Beckie reads The Magic Pudding by Norman Lindsay

Why did you read this book? I remembered enjoying it as a kid, and I thought Jeremy might enjoy the wacky Australian-ness.

Has Jeremy read it? Yes.

42-word review: A swagman, a koala and a penguin alternately try to protect and rescue their unending, flavour-changing magic pudding. I remembered more wacky hijinks and fewer songs. It still had some amusing parts, but I was glad it was quite a short book.

Overall rating:  3 puddin’ thieves (out of 5)

Let’s give it a go!: Glacier hiking


[I thought New Zealand Fortnight would be a good time to report on all the things we gave a go in New Zealand]

Why? Part of New Zealand’s charm is that it contains numerous geographical features that are not usually found together in one country, including glaciers. There are two famous glaciers on the west coast that you can hike on: Fox and Franz Josef. Unfortunately, Franz Josef glacier has receded to the point that you can only reach it by helicopter. We did think about doing the more adventurous heli-hike, but it didn’t seem worth the additional cost (and we’ve been in helicopters before–once while I was flying it!), so we just did the half-day hike. It turned out to be rainy, so the helicopters wouldn’t have flown anyway.



How did it go? It was fun! The glacier definitely looks more impressive when you’re on it, and it was cool to see different features like crevasses and tunnels relatively close up. The guides had carved out a path for the half-day hikes that went past a couple of different features, and we got to walk through a kind of fissure in the ice. I was a little jealous of the full-day hikers we saw who didn’t have to stick to a pre-marked path on the ice, so they could go looking for cooler features like ice tunnels (they also got full crampons, instead of half-shoe ones).


Would you do it again? I probably wouldn’t hike on just any glacier again. But, if we were near an especially impressive one, where we’d be able to walk through ice tunnels or something, I’d be interested.

Check this out

Here are some unexpectedly beautiful things:

1. Bird flight paths (via FlowingData):

2. Poetic gems buried among the illiterate rubbish that fills youtube comment threads.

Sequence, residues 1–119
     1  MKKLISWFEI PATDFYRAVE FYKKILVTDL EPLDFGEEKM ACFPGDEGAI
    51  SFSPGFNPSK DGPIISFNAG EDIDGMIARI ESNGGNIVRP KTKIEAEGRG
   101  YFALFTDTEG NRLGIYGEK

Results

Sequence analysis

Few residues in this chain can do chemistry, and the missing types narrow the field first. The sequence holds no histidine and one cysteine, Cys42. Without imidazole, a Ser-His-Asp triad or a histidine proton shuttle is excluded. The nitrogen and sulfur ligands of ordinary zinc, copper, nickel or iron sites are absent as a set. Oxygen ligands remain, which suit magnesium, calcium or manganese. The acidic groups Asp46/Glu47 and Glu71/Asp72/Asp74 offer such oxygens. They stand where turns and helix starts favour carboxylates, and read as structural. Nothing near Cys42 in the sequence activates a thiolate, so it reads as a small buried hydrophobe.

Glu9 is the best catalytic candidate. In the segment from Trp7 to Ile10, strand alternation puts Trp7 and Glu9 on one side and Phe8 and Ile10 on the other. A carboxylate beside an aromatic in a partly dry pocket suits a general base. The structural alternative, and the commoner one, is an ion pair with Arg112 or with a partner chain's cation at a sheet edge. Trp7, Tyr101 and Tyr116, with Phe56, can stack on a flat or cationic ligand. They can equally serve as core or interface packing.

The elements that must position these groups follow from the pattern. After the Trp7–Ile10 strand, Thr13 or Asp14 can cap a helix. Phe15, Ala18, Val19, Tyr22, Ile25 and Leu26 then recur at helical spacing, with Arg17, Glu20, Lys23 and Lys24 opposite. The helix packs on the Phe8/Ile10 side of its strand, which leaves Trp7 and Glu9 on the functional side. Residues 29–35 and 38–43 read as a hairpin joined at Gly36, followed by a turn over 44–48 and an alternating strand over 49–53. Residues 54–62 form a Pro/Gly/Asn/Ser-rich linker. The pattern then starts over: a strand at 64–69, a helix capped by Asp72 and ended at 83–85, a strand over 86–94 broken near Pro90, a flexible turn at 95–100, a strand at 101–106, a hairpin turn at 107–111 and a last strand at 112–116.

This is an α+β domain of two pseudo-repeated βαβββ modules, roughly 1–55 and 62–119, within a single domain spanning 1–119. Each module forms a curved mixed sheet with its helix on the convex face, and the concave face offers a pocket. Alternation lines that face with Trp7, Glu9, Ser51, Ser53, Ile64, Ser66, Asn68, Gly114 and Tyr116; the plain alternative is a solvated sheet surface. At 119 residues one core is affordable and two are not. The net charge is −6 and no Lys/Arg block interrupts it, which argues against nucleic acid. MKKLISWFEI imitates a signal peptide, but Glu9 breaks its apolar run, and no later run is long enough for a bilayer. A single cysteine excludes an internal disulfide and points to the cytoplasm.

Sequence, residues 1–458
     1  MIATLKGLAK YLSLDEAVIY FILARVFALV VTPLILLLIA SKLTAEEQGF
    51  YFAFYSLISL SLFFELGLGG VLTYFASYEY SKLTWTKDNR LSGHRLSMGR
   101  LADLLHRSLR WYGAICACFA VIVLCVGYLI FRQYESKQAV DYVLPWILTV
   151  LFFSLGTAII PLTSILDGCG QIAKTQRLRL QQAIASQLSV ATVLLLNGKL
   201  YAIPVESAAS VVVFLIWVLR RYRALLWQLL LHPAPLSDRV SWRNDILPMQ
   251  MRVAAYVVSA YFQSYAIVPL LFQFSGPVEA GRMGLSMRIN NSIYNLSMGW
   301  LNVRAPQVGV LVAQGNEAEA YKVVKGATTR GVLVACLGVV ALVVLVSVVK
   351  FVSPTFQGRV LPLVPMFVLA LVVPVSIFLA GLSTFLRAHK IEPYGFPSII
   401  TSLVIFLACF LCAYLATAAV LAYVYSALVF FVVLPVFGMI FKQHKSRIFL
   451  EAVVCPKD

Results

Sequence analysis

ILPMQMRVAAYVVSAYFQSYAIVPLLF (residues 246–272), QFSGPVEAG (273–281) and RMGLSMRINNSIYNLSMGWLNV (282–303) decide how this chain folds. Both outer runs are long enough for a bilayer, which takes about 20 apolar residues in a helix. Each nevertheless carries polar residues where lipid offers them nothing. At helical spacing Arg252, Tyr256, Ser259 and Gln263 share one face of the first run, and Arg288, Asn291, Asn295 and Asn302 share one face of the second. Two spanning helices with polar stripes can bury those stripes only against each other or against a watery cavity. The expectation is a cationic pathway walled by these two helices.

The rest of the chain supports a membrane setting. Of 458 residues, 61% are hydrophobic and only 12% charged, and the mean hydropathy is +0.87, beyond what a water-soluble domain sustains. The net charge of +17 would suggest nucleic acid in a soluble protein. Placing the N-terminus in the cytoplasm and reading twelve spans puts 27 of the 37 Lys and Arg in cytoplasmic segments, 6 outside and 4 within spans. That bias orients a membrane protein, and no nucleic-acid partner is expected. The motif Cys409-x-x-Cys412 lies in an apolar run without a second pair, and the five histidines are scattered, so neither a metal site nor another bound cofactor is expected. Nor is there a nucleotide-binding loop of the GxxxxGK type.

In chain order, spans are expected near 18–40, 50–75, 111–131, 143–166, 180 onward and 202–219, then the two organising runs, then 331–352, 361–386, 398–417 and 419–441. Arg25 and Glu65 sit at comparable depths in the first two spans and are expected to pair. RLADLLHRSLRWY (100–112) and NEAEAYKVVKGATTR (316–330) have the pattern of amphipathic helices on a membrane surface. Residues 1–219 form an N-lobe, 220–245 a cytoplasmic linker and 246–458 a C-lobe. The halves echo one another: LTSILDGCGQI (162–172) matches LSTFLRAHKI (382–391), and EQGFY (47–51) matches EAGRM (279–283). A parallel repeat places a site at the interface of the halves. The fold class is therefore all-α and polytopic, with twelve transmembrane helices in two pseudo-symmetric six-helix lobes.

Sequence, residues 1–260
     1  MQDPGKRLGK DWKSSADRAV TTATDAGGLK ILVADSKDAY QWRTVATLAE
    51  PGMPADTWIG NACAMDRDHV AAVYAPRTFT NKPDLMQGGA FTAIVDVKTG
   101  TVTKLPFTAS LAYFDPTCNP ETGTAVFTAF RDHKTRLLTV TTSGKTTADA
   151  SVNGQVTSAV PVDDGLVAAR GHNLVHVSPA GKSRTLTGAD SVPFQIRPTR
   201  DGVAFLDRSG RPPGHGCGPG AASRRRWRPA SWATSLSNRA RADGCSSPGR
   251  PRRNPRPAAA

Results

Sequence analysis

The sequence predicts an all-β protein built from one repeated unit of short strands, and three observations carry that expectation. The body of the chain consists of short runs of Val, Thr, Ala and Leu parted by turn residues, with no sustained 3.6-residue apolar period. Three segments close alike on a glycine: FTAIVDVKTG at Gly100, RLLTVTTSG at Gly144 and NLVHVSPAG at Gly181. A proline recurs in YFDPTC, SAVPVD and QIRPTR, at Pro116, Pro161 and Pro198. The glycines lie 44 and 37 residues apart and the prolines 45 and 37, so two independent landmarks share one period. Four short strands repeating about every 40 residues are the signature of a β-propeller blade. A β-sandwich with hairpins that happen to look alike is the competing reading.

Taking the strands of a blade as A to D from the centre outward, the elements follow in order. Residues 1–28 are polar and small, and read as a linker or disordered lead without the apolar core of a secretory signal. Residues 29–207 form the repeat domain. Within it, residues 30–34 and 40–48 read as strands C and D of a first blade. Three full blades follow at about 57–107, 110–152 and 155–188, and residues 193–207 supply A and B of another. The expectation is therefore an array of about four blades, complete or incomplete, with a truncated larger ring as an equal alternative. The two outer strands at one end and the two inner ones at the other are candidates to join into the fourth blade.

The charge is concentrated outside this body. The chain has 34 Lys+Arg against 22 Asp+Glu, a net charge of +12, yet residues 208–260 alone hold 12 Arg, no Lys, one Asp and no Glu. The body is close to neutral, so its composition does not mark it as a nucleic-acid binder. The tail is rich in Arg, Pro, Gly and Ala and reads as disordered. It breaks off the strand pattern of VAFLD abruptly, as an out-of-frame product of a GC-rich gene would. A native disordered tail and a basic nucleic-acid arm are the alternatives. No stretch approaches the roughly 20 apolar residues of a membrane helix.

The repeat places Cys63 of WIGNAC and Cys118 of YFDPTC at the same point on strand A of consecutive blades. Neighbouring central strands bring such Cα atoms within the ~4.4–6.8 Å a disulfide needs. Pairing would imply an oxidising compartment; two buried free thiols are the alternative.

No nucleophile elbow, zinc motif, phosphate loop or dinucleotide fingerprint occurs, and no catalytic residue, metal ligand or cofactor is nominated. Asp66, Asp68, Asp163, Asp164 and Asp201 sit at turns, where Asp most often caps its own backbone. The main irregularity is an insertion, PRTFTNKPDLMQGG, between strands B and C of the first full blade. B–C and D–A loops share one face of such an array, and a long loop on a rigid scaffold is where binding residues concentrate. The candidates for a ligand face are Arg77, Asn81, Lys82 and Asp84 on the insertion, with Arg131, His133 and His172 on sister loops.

3. Bento-box art of a used-car lot (from this post, which contains many more conventionally cute lunch artworks). used car bento

Also, here are some more conventionally adorable things:

1. A puppy chasing her leash

2. A giant Swedish ice hedgehog icehedgehog

Jeremy reads The Happiness Project by Gretchen Rubin

Why did you read this book? As noted, a goal for 2014 is to read 24 books related to personal growth. I tend to be averse to these books because they look hokey when I see them on the shelf, and yet I rarely regret reading them afterward. Anyway, one of the department stores here has a whole “goals stationery” section that got me thinking about all this, and they had this book also sitting on the shelf as a suggested impulse buy. (What I actually did was pull out my iPad and buy the book for my Kindle, but still the store had the right idea marketing-wise.)

Has Beckie read it? Yes, long time ago.

42 word review: Useful on the whole. Good writing; insightful about their experiences, accompanied by many asides to research and quotes. Sometimes gets bogged down by excessive personal narrative and repasted blog comments. Also has such a privleged life already, can be hard to relate.

A sampling quotes I found useful:

  • Samuel Johnson, who had an opinion about everything, did remark, “No money is better spent that what is laid out for domestic satisfaction.”
  • “I felt particularly oppressed by aspirational clutter—things that I owned but only aspired to use: the glue gun I never mastered, mysteriously specific silver serving pieces untouched since our wedding, my beige pumps with superhigh heels.”
  • My Eighth Commandment is “Identify the problem.” I’d realized that often I put up with a problem for years because I never examined the nature of the problem and how it might be solved. It turns out that stating a problem clearly often suggests its solution.
  • “[F]or both men and women…the most reliable predictor of not being lonely is the amount of contact with women. Time spent with men doesn’t make a difference.” [Note: the book has no references, but I would love to look up this study.]
  • “However, if you want to know how people would like to be treated, it’s more helpful to look at how they themselves act than what they say.”

Overall rating: 4 yearlong stunts (out of 5)